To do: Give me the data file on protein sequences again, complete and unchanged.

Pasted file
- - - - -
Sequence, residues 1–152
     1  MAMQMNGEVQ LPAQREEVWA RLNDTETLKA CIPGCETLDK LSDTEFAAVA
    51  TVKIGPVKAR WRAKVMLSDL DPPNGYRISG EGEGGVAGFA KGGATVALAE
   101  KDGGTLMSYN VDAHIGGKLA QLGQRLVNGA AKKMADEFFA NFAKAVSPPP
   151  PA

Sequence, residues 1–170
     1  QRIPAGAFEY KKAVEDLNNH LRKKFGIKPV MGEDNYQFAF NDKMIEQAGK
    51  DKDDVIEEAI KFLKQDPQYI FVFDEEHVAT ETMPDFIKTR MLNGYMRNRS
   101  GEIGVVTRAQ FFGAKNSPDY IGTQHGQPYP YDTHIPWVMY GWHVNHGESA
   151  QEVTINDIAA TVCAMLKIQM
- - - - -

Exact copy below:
Sequence, residues 1–152
     1  MAMQMNGEVQ LPAQREEVWA RLNDTETLKA CIPGCETLDK LSDTEFAAVA
    51  TVKIGPVKAR WRAKVMLSDL DPPNGYRISG EGEGGVAGFA KGGATVALAE
   101  KDGGTLMSYN VDAHIGGKLA QLGQRLVNGA AKKMADEFFA NFAKAVSPPP
   151  PA

Sequence, residues 1–170
     1  QRIPAGAFEY KKAVEDLNNH LRKKFGIKPV MGEDNYQFAF NDKMIEQAGK
    51  DKDDVIEEAI KFLKQDPQYI FVFDEEHVAT ETMPDFIKTR MLNGYMRNRS
   101  GEIGVVTRAQ FFGAKNSPDY IGTQHGQPYP YDTHIPWVMY GWHVNHGESA
   151  QEVTINDIAA TVCAMLKIQM